When Herbert Armstrong founded ‘The Radio Church of God’ in 1933, there was no television. The first televised event on Laura Street in Springfield may have been when Tom Adams of KVAL came to cover the memorial we had planned for Hollis Williams in a vacant building on Laura that was slated to be torn down. However, when the landlord got wind of it, he evicted us, and the first altar I made. When I told him Hollis was a homeless Veteran well-loved by all the folks at Safeway, which was just around the corner, he said;
“Then take your memorial over there!”
At the last-minute, Pat at Gyzmobyte got our tribute moved to the Campbell Center. The obstacles that got in the way of saying goodbye to Hollis on March 12, 2013, was epic. My ministry was waylaid, until I returned to Laura Street June 14, 2015. When I noticed all the America Flags waving around KORE radio, I was overcome with the truth that some things are inalienable. The spirit we put there when I climbed a ladder to nail the holder for the flag I purchased, did not parish. Indeed, this was a resurrection. Hollis looks down, and is well pleased.
In these videos you will see the place on the McKenzie River where I baptized myself in 1987. It is located about 58 miles from Laura Street. I took my neighbor Albert Hurt to Cowboy Church a couple of years ago. We lived on Oakdale St. but, Alberta moved to the apartment building I lived in in 1990 where I studied the Bible and worked on my theological novels ‘The Lion of God’ and ‘Where Art Thou?’ Alberta lives 50 yards from Laura St. Most of my spiritual work occurred within two hundred yards of the radio tower.
The New Radio Church honors all American Veterans, and is dedicated to making sure God and the Truth is on their side whenever they go into battle.
Jon ‘The Nazarite’
SPRINGFIELD, Ore. – John Presco raised the flag Monday to remember his friend, Hollis Williams.
Presco hopes in the next few months he can raise enough money that Williams’ death will not have been in vain.
“He doesn’t have a home right now. He’s homeless in a morgue and I’m entering my anger stage on that,” said a downcast Presco.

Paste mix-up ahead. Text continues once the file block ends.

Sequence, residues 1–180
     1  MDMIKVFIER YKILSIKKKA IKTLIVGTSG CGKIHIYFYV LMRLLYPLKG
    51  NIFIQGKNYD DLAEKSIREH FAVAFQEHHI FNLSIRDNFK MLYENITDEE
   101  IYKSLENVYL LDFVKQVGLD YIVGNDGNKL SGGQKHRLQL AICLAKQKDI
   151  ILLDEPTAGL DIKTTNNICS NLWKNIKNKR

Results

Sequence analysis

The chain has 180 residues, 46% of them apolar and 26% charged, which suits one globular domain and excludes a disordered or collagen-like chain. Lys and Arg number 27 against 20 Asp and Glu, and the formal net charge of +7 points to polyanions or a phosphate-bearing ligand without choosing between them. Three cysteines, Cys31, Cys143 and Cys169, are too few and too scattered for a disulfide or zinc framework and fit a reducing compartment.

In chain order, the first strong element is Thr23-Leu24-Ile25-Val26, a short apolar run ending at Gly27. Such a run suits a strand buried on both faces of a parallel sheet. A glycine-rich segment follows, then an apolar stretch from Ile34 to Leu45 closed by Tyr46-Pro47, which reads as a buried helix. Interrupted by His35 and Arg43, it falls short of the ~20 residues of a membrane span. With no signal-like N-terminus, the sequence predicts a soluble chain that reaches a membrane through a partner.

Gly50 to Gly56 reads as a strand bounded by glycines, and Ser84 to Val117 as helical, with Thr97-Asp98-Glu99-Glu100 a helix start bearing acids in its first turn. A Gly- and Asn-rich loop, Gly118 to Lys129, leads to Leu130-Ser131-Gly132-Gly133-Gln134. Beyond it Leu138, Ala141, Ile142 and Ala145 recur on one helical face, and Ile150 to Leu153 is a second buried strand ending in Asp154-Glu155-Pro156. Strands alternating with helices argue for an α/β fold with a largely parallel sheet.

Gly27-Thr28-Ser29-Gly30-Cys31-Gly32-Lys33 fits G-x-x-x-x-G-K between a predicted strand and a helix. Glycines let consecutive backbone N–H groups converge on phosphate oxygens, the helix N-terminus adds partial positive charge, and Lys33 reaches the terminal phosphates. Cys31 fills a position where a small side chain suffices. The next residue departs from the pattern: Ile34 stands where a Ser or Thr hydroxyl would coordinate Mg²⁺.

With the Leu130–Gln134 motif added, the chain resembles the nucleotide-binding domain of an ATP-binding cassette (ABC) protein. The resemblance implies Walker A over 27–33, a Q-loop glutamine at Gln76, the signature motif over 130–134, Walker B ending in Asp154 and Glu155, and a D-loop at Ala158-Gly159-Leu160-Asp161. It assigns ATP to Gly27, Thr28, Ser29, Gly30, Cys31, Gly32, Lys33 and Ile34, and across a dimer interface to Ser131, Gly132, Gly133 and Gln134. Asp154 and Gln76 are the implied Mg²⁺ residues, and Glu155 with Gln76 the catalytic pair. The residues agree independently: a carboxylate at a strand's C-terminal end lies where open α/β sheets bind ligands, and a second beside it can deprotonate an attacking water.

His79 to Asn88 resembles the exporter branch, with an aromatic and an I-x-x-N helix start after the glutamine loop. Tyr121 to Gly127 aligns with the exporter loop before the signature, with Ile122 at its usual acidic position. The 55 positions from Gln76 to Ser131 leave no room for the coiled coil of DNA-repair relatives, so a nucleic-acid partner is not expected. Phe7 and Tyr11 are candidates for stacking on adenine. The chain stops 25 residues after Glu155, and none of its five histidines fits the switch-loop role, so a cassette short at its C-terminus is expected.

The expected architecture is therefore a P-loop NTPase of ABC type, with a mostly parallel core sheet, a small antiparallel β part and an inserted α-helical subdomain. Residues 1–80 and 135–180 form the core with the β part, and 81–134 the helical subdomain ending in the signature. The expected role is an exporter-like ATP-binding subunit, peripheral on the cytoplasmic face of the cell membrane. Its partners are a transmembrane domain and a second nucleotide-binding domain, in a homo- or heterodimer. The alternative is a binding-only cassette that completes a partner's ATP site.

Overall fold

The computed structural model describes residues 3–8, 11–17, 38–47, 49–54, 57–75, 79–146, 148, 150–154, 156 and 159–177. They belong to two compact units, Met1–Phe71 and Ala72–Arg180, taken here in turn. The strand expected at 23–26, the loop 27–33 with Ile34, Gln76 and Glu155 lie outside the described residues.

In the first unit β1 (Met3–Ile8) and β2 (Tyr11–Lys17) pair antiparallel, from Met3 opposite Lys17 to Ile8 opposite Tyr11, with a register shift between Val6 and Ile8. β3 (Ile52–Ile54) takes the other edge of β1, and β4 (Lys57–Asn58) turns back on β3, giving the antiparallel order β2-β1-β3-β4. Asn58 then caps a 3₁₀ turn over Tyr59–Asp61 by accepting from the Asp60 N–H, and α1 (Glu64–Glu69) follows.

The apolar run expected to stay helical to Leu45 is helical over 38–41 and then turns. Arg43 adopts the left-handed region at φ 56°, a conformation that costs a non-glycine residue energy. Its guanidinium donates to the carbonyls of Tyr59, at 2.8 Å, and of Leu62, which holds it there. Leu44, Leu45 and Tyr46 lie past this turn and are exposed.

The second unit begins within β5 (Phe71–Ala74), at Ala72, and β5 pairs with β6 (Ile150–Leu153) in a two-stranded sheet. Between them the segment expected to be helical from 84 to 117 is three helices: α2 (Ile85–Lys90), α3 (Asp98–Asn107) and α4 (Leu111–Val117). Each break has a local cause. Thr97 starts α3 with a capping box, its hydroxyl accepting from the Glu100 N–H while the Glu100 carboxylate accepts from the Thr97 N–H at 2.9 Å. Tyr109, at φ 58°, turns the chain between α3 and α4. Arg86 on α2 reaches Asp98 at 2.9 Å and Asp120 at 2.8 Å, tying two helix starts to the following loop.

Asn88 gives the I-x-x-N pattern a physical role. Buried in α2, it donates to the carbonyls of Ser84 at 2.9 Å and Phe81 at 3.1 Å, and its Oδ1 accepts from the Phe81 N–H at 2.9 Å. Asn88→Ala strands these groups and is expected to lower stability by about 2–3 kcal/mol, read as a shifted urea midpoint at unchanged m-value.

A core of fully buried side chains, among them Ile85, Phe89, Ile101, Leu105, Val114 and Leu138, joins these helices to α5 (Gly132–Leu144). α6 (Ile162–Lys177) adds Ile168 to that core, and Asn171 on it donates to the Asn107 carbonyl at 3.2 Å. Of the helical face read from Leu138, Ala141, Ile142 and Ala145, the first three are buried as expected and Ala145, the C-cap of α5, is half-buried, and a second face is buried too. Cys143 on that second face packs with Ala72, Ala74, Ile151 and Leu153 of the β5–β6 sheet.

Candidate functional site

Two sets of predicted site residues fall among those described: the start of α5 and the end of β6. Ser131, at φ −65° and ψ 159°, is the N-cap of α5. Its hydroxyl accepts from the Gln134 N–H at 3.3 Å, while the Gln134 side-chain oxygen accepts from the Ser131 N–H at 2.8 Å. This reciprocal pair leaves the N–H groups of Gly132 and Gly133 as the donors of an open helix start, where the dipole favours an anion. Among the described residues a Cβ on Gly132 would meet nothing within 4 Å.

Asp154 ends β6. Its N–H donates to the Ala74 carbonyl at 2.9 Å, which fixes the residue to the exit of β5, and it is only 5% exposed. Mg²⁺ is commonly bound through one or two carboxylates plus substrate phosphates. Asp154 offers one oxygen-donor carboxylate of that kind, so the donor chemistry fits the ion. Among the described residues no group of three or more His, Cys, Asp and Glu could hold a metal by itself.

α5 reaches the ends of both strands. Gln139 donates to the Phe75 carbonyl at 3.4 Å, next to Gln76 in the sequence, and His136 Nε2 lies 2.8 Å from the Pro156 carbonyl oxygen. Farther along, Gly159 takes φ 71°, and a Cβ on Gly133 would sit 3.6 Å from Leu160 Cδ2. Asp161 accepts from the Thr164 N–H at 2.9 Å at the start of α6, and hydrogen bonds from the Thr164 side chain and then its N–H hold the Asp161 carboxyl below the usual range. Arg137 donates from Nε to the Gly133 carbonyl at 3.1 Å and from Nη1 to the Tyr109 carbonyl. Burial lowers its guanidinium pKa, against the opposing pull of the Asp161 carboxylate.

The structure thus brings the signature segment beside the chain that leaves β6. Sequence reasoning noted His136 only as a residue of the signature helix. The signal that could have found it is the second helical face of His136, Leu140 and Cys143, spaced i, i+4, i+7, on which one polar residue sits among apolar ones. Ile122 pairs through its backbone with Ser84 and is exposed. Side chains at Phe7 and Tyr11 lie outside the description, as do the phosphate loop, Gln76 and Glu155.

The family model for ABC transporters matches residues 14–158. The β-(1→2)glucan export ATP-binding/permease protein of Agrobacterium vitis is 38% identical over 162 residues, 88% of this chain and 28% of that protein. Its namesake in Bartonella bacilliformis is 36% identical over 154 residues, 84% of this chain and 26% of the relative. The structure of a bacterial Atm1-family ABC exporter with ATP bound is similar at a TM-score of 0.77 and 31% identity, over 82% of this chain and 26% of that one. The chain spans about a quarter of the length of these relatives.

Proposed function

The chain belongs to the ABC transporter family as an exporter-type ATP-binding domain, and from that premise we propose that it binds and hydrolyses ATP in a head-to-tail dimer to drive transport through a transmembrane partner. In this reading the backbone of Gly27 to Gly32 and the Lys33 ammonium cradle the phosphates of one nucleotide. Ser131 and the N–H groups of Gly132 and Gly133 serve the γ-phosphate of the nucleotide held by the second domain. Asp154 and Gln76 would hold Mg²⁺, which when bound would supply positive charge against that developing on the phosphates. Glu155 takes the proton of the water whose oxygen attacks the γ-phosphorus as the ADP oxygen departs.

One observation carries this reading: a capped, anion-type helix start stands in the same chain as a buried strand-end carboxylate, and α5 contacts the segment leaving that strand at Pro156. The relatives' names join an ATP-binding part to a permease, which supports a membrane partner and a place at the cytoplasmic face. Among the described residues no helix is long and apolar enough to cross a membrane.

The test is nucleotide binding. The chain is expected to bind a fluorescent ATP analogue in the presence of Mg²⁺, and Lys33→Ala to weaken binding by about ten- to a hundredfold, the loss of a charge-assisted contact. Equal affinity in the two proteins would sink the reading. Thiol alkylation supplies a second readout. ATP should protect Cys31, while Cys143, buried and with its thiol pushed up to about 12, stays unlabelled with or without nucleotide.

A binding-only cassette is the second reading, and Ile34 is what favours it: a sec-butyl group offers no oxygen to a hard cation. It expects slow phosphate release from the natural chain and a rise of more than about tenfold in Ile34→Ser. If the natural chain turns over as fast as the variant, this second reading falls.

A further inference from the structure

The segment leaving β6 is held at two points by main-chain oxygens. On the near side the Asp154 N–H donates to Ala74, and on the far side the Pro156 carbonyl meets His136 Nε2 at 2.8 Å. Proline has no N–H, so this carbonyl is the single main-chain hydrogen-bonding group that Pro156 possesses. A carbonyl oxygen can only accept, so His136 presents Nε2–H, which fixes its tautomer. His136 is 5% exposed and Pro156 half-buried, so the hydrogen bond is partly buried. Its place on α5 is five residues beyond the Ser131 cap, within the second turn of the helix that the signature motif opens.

It’s anger that he’s working out with a hammer. Presco mounted a new U.S. flag this Monday, raising Old Glory for the friend he lost Friday morning.
Presco said he found the 58-year-old Williams dead in his apartment Friday – an apartment Williams had moved into only 2 months ago.
According to other vets, Williams was well known in the homeless community who was often at a nearby Safeway store, collecting cans.
Now, a makeshift altar is set up in a vacant Laura Street building that Presco says was briefly used to hand out clothes to the homeless.
Presco wants the memory of his best friend to live on. His dream is for a veterans “stand-down” center that bears the name of Hollis Williams.
Presco said he wants to copy “stand-downs” held in Lane, Douglas and surrounding counties, to connect vets with mental health services, haircuts, job training and more.
“We got to let our veterans know that they haven’t fought in vain and that we care for them,” Presco said.
He said he doesn’t know where he’ll find the support or how long it will take – but to remember his longtime friend, he won’t give up easily.
“I suffered some homelessness and abandonment and stuff like that,” Presco said, “so I’m not going to abandon my friend.”
The property and house on Laura Street is being sold, so locating a center there is unlikely. Presco said that’s the kind of layout he’s looking for.
Services for Hollis Williams will be next Sunday 1:30 p.m. at Campbell Senior Center in Eugene